The Barefoot Contessa – 1954
Director – Joseph L. Mankiewicz
Starring – Humphrey Bogart, Ava Gardner, and Edmond O’Brien
When two names as big as Humphrey Bogart, and Eva Gardner team up and share the screen, sparks are bound to fly. The passion, romance, and sizzling chemistry of the couple is what legends are crafted upon, and careers are made of. That is, unless, the two major stars in question aren’t sharing an onscreen romance. Instead they are featured in a somewhat sweet, sprawling story of a platonic relationship that centers on trust, mutual respect and admiration.
Apparently this is veiled retelling of the life (or some of it anyway) of Rita Hayworth. The story, is laid out in a series of flashbacks, starting in the present with Harry Dawes (Bogart) at the funeral of his friend Maria Vargas (Gardner). Each flashback occurs in a linear manner, with occasional breaks back to the present with Dawes summing up, and pontificating a bit on the somewhat carefree nature of Vargas, and her unconventional method of approaching the grander ideas of love, success, and happiness.
Once she is “discovered” by the megalomaniacal Kirk Edwards, a nazi-rich studio executive who makes a business of buying people as carelessly as others buy things, it is precisely this unique approach of Maria’s that both infuriates and captivates him. Throughout her life, Maria manages to attract men that are lured in by her charms only to try to re-direct, manipulate, and ultimately control her. As a result her romantic life is as tragic and sordid as a tabloid newspaper. Even her director, and best friend, Dawes, will occasionally put in his two cents about how she should live her life, never-mind the fact that he just might be right.
Barefoot Contessa is a strange film. Strange, primarily for two reasons as far as I can see. Firstly, it’s a little unique to have two of the biggest stars in Hollywood as leads in a movie where there is no romantic relationship shared between them. I would assume they would want the on-screen chemistry provided by the actors to work together towards some ideal relationship outcome. I guess, since all of Vargas’ romances seem to be rather imperfect and selfish in their motivation, a star with such a personable image as Bogart wouldn’t want to associate with one of those characters, and instead would choose the noble, caring, father-figure instead.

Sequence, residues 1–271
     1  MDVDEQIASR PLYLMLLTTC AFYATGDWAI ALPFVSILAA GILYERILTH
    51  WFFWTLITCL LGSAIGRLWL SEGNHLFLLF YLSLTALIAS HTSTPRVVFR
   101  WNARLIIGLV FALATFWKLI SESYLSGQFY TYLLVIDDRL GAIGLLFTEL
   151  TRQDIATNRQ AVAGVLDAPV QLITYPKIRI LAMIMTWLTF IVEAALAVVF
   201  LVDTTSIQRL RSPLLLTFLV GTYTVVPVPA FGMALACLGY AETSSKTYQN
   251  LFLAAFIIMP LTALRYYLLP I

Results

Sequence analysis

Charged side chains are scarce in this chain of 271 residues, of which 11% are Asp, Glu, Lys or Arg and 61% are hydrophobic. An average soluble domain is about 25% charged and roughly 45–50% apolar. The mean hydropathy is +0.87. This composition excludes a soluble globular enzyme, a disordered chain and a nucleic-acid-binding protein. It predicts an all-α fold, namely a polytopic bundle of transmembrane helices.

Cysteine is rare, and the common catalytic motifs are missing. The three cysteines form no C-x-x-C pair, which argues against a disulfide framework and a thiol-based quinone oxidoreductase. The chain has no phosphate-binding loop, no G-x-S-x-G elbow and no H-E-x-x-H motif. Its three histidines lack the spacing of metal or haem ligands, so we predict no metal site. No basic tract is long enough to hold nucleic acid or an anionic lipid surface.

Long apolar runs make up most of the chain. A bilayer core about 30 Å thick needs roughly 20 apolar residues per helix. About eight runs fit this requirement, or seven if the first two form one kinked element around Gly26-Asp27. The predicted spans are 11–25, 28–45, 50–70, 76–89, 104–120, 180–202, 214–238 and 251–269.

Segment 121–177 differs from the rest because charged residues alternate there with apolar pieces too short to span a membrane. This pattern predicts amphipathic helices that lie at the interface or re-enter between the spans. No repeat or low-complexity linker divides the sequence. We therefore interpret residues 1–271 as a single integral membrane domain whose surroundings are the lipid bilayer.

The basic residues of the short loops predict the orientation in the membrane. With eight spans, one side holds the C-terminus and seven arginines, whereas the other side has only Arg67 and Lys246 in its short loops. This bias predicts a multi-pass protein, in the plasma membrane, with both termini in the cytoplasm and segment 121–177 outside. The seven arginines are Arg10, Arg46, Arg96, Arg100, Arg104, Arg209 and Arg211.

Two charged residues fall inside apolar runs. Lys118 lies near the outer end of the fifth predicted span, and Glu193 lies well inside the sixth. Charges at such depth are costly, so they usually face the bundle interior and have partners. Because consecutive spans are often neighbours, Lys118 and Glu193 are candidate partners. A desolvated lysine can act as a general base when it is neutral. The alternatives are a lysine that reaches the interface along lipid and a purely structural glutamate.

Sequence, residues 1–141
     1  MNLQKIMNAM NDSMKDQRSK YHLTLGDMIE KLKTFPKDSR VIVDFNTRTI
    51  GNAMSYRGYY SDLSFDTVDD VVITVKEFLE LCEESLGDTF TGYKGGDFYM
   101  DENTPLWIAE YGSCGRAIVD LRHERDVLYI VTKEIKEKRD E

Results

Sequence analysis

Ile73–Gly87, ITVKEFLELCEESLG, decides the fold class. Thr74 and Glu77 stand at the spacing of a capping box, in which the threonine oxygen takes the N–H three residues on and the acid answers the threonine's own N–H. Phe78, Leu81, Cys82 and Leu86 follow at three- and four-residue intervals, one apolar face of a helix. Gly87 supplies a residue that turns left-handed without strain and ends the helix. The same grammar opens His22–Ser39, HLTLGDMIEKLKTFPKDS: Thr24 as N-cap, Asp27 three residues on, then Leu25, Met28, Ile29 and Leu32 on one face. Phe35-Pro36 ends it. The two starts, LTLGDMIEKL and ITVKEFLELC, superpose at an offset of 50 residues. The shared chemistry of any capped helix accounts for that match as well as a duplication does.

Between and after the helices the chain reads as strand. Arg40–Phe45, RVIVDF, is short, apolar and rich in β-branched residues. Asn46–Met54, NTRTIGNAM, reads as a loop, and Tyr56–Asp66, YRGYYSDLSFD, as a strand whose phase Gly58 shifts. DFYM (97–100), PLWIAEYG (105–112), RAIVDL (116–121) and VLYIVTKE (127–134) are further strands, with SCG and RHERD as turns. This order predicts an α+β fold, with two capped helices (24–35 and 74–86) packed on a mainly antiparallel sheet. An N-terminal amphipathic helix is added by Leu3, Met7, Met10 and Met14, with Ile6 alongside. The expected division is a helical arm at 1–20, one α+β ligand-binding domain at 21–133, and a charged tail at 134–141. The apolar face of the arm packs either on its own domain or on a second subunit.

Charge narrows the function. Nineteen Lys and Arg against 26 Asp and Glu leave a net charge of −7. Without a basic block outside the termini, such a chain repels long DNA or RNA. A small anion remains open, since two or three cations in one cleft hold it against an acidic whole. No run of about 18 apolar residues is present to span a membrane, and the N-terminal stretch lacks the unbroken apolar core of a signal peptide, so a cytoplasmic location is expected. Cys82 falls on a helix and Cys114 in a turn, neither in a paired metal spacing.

Secondly, this film was one of the most gritty and grimy I’ve ever seen come out of the Hollywood Studio system. The Technicolor made everyone (especially in the opening scenes) seem awfully sweaty, grimy, and a little devious. The blue tones seemed to have been drained out, while the red and greens were pumped up far beyond the normal range. Perhaps this was a conscious decision, in which case I’m interested in knowing why. If it wasn’t a choice made specifically to enhance the storytelling, however, then it certainly begs a little explaining.
It’s difficult to use the device of fractured storytelling well. With so many famous examples of how cool and effective it can be, (Citizen Kane, Pulp Fiction, etc.) the device is bound to get over-used, and lose some of its lustre. Add to that, a change of point of view from character to character, and you have the definite possibility of a mess on your hands. Luckily for the audience, The Barefoot Contessa avoids the pitfalls associated with such a high concept, and benefits from this storytelling method.
The shift in point of view happens twice in the film, between the characters Dawes, Oscar Muldoon a slimy producer and PR man played very well by Edmond O’Brien, and the Count Vincenzo Toriato-Favrini, a wealthy but damaged bit of Mediterranean royalty played by Rossano Brazzi. Each in turn takes their turn reminiscing about Vargas, and their relationships with her, documenting her rise to fame, and her fall from grace.
Each of these performances is very strong, with Gardner’s Vargas being the weakest of the bunch. While she does a passable job at portraying the object of these men’s affection, the heavy lifting in terms of exposition and believability is done by those characters who narrate her life. O’Brien and Warren Stevens as Kirk Edwards were particularly good as the men simply interested in buying and selling her as a commodity. As is always the case, Bogart’s skill as an actor seems effortless, making all of his scenes terribly easy to watch.
While it’s not as good as classics like Casablanca, The Big Sleep, or Treasure of the Sierra Madre, The Barefoot Contessa is certainly worth the dedication of time and attention. It may not be the strongest Bogart movie that I’ve ever seen, but it is certainly the strongest example of a Gardner movie I have seen thus far.
“You couldn’t tell me before we got married that you don’t have a dick?!” – Ashley